Jane's Addiction's local experience attests not only to its popularity, but also to the fact that the band's audience is not easy to quantify.

"Well, I don't know who my audience is. There is a big mixture," agreed Farrell, whose family name is Bernstein and who pronounces his current surname Fuh-rell.

Thanks to the heightened level of media exposure, "You're going to get a wider base of fans for popular music. It's just the way it is," said Farrell. And, he added, there's "also the fact that I think that we're not playing music for one particular division. In other words, we're not a metal band. If anything, we're an 'alternative rock band,' and that by definition is just so broad that there really is no definition. ...

"So I think what happens with us is that we get people that like the hard elements -- maybe refugees from the metal side of things -- and then people that just like eclectic music are there as well. Also, I think we've got a reputation as a good live band, from what I hear."

Certainly, Jane's Addiction has definitely gained notoriety as a wild band in concerts. While the musicians sometimes seem to be thrashing about in search of an idea, Farrell -- who sometimes goes on stage in a girdle or bloomers or even a clown suit -- hogs center stage with his predictably unpredictable presence.

"I think that we look for things that are interesting to do," he said. The band is noted for offbeat shows such as the one last weekend in the Benedict Canyon area, where Jane's Addiction played at someone's house and "a couple thousand people" showed up. "If you're going to put out boring things," Farrell noted, "you're going to get a boring reputation."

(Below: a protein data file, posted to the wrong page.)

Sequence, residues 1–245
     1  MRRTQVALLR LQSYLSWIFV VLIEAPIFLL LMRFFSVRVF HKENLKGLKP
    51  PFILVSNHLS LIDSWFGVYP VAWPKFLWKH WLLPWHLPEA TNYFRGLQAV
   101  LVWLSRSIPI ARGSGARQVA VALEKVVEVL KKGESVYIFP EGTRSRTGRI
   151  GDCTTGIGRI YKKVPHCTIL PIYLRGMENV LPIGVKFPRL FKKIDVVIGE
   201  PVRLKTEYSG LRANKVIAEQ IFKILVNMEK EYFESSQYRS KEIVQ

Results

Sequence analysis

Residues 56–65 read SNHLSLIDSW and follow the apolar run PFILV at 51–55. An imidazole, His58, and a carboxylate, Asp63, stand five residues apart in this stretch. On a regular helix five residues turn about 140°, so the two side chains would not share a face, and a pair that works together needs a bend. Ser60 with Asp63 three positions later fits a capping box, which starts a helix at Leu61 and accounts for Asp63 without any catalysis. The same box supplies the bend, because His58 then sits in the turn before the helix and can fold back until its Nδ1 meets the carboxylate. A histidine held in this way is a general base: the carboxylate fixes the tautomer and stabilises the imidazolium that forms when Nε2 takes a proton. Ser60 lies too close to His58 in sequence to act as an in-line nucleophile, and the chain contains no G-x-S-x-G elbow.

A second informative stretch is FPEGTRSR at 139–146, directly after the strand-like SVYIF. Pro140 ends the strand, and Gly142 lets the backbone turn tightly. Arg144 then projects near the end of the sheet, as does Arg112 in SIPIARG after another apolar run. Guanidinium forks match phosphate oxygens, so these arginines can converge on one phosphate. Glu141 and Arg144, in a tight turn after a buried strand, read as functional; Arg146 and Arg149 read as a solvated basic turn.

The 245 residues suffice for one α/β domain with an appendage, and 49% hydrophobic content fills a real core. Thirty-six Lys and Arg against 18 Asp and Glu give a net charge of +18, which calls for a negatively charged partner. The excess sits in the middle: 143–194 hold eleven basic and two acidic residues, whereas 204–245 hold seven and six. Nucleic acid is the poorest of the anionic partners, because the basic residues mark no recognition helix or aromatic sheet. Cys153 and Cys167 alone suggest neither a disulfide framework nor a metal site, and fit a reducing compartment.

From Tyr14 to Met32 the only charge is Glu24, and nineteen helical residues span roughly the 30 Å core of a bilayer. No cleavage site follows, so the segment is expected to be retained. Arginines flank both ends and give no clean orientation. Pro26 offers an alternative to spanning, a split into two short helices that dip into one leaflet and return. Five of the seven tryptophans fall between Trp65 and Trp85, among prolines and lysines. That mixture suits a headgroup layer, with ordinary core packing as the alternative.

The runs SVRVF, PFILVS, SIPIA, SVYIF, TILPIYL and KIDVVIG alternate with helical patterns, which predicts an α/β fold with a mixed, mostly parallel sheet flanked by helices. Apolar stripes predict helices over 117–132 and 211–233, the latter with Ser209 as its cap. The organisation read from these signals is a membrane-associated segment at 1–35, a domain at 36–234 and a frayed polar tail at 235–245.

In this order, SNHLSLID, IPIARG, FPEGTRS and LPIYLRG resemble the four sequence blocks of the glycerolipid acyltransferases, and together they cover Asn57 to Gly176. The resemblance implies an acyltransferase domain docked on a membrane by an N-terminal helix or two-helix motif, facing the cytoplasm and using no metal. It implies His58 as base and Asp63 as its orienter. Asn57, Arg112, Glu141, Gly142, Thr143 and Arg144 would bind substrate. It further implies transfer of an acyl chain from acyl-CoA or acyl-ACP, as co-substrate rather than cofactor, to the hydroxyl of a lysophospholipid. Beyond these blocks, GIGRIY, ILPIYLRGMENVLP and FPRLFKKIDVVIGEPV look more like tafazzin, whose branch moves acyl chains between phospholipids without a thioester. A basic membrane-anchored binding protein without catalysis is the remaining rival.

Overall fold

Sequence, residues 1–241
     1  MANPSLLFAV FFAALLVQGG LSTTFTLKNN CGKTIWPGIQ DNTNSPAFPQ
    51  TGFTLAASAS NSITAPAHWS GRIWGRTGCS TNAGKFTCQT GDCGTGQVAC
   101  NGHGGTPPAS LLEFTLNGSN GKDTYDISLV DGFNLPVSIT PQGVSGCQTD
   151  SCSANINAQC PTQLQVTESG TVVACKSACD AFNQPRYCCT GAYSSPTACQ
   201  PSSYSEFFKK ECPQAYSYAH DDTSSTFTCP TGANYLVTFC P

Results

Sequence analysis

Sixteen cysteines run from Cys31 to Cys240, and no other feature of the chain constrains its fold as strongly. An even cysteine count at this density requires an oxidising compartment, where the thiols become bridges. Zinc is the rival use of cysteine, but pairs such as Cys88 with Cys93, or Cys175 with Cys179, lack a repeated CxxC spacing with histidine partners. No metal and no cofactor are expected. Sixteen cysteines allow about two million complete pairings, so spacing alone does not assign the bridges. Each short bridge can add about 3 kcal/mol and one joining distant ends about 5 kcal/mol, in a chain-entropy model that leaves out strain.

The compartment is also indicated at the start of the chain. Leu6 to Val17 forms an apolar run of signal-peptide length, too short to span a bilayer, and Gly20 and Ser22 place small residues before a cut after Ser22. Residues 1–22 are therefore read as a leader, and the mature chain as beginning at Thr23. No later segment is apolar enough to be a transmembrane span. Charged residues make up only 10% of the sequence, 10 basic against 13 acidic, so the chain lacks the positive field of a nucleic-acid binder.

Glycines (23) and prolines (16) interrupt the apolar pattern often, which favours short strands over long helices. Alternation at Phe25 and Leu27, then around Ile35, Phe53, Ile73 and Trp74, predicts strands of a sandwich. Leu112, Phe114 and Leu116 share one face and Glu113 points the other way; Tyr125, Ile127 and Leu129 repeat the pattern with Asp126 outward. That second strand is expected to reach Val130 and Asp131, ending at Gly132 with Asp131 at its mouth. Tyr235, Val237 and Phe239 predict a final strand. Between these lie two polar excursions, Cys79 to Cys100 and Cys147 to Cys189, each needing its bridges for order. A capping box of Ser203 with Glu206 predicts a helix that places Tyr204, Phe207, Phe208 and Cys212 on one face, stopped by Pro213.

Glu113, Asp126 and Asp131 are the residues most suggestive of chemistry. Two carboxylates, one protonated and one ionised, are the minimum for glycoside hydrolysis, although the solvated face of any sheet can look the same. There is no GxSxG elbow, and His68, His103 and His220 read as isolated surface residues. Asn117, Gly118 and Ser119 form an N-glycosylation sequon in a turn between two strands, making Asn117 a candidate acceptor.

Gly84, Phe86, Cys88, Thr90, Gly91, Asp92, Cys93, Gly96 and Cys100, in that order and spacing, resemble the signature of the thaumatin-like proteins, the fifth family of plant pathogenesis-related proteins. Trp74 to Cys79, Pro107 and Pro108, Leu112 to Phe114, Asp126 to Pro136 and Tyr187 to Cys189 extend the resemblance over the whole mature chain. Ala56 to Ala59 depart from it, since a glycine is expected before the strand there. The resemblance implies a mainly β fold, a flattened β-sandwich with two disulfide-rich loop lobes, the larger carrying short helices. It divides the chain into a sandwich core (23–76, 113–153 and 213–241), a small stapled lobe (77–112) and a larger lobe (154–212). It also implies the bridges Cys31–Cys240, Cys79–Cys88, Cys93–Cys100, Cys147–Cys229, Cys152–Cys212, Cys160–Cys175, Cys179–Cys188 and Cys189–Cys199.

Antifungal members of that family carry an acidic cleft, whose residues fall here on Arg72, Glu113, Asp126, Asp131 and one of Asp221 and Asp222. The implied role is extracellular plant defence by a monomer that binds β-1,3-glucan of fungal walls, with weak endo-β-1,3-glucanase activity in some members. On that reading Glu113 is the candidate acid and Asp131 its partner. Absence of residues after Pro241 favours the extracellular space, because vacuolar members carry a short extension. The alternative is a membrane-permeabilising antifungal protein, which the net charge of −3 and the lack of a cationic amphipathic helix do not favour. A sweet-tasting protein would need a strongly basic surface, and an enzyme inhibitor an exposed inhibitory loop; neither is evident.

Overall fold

Jane's Addiction's anything-but-boring reputation is not lost on its fans, who go to the band's concerts for a bout of uninhibited fun.

"If anything," Farrell said of the group's shows, "it should be like going out and being really lit up, that feeling that you're really lit, you're really up for something. And much more than that I can't say, because not every show is the same. If I was that premeditated -- you know, I don't have my dance moves all set up and waiting to go -- then I could tell you more about what I want them to get out of it.

"But every night is different. On some nights people are flying all over the place, and it's just beautiful. You know that no one's going to hurt each other on purpose.

"And then there's other nights where I just want to get off the stage," Farrell said, because "even though they seemingly love you, they're not listening, and they're beating up on each other."

The variety of the band's performances, as well as a bit of the chaos, is reflected in the radically different moods created by the two halves of "Ritual." The album opens with a sustained rush of energy, then closes, much more leisurely, with an extended selection of meditative, even pretty music.

"When I was working with the song order, I didn't like the fact that I started just getting going and then all of a sudden I got stopped by something that was more heavy," Farrell said.

"Then it became apparent to me that the songs should be set in the order where if you wanted to be really inspired and get your day going, you wouldn't have to break the train of thought. That's side one. And when you came home and you wanted to be, let's say with the one you love, that would be the other side.

"And it's funny, too, because that's the way like when my friends and I are in the car: At the beginning of the night, when we're taking off to go out, side one. When we're coming home, we put on side two."

Toombs is a free-lance writer.

Date book What: Jane's Addiction, with 24-7 Spyz When: 8 p.m. today and tomorrow Where: Price Center Ballroom, UCSD Tickets: Sold out Information: 534-4559 (10 a.m. to 5 p.m.)